For a distance our way lay up Henry’s Fork valley; prosperous little ranches dotted the view, ripening grain rustled pleasantly in the warn morning sunshine, and closely cut alfalfa fields made bright spots of emerald against the dun landscape. The quaking aspens were just beginning to turn yellow; everywhere purple asters were a blaze of glory except where the rabbit-bush grew in clumps, waving its feathery plumes of gold. Over it all the sky was so deeply blue, with little, airy, white clouds drifting lazily along. Every breeze brought scents of cedar, pine, and sage. At this point the road wound along the base of the cedar hills; some magpies were holding a noisy caucus among the trees, and high overhead a great black eagle soared.

The letters are often separated by months, and usually detail trips Stewart took to neighboring homesteads. A fiercely independent woman, she made a habit of bundling her young children into a wagon and heading out into the countryside, where she often would need to take an unexpected detour and spend the night camping out.  Lots of elaborate tales of weddings, pot luck dinners, and holiday get-togethers. Her tone is upbeat, if not inspirational, and there is only the slightest hint of all the work that must have happened between such festivities, little more than side references to how much labor was involved with the day-to-day life of a homesteader.

Stewart comes across as downright contemporary. One can only imagine what she would make of the connectivity that modern communications would have allowed the homesteader. Her letters are a real treasure, a wonderful portrayal of life in the not-so-old West.


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28 Cents per Book, Am I Really This Cheap?

It’s been a little over two months since I got my Kindle. The thing about the whole experience that’s amazed me the most is how I haven’t stepped into a physical book store since then. Such a book store drought before would have been unthinkable. My book acquisition demon seems to be satiated by downloading samples. I have nearly a hundred of them on the device now. I’m also rediscovering classics, love that I can access them instantly, for free, and then read as much or as little as I want with no feeling of having to stick with it. And I’m sampling a lot of indie authors too, though admittedly only getting past the sample stage for a select few.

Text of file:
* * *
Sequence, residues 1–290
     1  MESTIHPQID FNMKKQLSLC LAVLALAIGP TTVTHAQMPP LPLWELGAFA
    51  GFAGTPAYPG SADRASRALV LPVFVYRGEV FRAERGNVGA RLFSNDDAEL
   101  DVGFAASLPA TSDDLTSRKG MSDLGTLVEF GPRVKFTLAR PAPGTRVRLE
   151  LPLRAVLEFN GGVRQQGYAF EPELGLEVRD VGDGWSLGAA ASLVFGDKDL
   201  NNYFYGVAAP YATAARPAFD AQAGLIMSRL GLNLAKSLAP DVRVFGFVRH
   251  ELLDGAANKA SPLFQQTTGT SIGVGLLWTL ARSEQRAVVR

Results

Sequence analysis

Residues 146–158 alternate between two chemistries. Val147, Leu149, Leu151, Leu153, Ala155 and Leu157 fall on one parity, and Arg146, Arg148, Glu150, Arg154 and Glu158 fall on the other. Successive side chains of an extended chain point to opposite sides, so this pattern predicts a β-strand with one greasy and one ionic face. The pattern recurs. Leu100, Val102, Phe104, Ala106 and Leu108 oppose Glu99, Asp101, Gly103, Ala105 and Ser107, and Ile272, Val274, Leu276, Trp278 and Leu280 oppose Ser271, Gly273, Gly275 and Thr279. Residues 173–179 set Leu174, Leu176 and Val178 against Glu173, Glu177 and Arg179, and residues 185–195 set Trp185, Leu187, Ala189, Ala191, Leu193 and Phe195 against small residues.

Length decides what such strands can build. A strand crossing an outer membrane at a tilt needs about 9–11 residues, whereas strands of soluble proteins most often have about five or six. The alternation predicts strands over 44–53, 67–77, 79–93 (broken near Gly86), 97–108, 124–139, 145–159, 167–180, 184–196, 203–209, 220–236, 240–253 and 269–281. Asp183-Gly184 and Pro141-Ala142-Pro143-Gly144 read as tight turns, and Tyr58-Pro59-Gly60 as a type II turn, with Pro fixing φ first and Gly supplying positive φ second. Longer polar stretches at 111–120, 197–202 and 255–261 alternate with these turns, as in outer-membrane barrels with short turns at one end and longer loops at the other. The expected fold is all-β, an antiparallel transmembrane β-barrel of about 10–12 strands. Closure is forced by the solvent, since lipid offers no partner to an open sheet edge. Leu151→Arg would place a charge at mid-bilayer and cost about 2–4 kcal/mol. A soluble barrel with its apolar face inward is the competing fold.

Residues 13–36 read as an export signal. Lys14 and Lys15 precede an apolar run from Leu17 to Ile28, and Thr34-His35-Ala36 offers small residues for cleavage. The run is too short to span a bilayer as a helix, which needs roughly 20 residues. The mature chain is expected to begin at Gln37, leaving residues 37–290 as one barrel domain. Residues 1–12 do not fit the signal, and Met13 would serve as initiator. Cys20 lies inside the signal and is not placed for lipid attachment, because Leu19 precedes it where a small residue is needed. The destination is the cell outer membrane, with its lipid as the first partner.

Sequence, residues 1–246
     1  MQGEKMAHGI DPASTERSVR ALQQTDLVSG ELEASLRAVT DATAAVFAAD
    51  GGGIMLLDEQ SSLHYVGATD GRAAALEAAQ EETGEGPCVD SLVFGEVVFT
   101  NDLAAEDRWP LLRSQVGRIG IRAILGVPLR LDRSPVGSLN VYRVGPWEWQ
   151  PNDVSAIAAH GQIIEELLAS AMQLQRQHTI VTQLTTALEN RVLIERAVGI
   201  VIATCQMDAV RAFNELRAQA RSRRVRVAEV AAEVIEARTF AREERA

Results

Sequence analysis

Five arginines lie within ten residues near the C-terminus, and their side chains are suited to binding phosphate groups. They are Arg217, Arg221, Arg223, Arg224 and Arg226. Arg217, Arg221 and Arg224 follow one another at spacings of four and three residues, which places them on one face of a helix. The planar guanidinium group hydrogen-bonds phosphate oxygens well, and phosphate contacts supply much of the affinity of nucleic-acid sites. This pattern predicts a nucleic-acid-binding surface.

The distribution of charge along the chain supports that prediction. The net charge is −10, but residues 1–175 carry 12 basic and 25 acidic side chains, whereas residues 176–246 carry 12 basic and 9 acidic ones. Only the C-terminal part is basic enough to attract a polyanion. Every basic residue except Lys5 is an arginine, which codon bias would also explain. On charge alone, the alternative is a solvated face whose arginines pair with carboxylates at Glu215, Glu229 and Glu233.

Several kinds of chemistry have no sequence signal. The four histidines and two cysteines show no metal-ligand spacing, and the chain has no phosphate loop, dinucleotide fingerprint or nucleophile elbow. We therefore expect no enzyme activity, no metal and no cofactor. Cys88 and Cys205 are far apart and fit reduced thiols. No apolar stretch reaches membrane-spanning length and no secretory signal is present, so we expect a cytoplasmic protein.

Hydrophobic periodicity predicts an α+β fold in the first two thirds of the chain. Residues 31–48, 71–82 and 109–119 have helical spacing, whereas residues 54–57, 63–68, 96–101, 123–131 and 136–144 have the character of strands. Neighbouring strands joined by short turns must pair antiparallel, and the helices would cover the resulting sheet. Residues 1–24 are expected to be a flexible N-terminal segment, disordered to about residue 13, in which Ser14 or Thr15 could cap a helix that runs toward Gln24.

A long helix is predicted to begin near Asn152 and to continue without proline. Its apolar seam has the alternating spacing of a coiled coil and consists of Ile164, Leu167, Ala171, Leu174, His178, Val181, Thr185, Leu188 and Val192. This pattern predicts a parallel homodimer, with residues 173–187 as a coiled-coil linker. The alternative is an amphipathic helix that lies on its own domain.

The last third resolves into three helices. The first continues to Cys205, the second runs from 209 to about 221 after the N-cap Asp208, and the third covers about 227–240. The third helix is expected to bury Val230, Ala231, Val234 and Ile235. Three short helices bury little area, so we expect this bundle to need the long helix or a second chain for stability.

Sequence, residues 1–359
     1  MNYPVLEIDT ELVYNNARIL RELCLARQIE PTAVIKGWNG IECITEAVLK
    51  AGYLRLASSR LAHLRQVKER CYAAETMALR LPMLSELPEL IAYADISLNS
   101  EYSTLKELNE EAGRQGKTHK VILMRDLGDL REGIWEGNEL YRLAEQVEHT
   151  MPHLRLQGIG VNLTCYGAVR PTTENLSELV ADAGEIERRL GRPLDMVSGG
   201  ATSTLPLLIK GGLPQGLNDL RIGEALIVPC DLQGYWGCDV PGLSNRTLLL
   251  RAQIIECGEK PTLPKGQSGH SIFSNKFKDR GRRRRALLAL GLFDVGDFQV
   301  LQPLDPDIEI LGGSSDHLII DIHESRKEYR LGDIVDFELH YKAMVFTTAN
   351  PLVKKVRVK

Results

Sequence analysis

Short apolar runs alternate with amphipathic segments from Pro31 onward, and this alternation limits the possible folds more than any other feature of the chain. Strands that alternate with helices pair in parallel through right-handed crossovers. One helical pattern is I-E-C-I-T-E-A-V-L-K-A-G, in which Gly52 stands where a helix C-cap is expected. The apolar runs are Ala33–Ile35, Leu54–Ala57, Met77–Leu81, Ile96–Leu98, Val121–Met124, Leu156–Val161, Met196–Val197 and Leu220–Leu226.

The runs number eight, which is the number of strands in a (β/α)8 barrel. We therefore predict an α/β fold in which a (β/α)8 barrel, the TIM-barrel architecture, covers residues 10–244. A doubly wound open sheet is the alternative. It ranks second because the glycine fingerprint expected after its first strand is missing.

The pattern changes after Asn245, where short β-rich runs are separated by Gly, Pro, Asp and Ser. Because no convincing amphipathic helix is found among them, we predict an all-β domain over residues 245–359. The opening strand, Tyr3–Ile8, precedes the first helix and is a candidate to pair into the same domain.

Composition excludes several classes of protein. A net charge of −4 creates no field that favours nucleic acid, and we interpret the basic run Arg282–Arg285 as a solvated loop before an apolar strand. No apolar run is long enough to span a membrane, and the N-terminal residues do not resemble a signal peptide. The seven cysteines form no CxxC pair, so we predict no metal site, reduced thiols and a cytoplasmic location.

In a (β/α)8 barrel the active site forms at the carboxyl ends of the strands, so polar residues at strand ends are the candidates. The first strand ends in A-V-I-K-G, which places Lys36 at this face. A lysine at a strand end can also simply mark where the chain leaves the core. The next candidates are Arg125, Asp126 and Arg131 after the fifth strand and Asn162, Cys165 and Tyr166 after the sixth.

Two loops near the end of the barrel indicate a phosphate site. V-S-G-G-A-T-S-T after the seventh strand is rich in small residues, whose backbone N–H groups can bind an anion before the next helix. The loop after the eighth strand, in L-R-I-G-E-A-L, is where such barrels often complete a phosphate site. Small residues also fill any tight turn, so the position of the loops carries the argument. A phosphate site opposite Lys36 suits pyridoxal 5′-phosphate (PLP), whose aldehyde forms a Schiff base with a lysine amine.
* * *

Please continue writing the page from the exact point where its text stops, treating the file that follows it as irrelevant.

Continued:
Here’s the list of books I’ve downloaded in full (samples are too numerous to easily list) and what I paid for each. Public domain books were all free.

Paid books:

Public domain books:

I’m averaging a staggering 28 cents a book. (Though if you factor in the cost of the Kindle and case, it comes out to almost $16 per book.) That’s downright embarrassing. I really thought I had spent more money on books, as I seem to be downloading them all the time. I didn’t buy the device so I could get cheap books. I bought it so I could have access to books that otherwise weren’t available. Some of the public domain books, such as those by Mary Johnston and Marietta Holley, are out of print. I love that so much of this esoteric stuff is available instantly, and in full. The fact that it’s free is a bonus.

I also haven’t given up on paper books. I’m still reading them, but focusing on the hundreds of unread books that I have piled up around the house. There is something strangely satisfying about hacking my way through these piles faster than they grow, for the first time ever. I seem to have found a new rhythm of one paper book from the shelf, then one ebook. But if my paper purchases slow down (yes, at some point I’ll go back and buy more) and if I’m averaging a mere pittance per book, how does this bode for publishing? Not well, it seems. Even Amazon can’t be all that excited about a 28 cent average per download. Yes, they got paid for the device, but my hunch is they’re barely breaking even supplying me with downloads.

Does this mean that I’m officially giving myself permission to spend more money on books?

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Thoughts on Incarceron by Catherine Fisher

Incarceron by Catherine Fisher fits snugly into the dystopian trend in young adult fiction. It tells the story of two people in different worlds. There’s Finn, an inmate in a futuristic prison with the same name as the book. He has no memory of his childhood, and is convinced that he did what no one else in the vast prison has done… seen outside. Then there is Claudia, daughter of the warden of Incarceron, who lives in a highly refined and aristocratic world, one where technology is artificially held back through Protocol.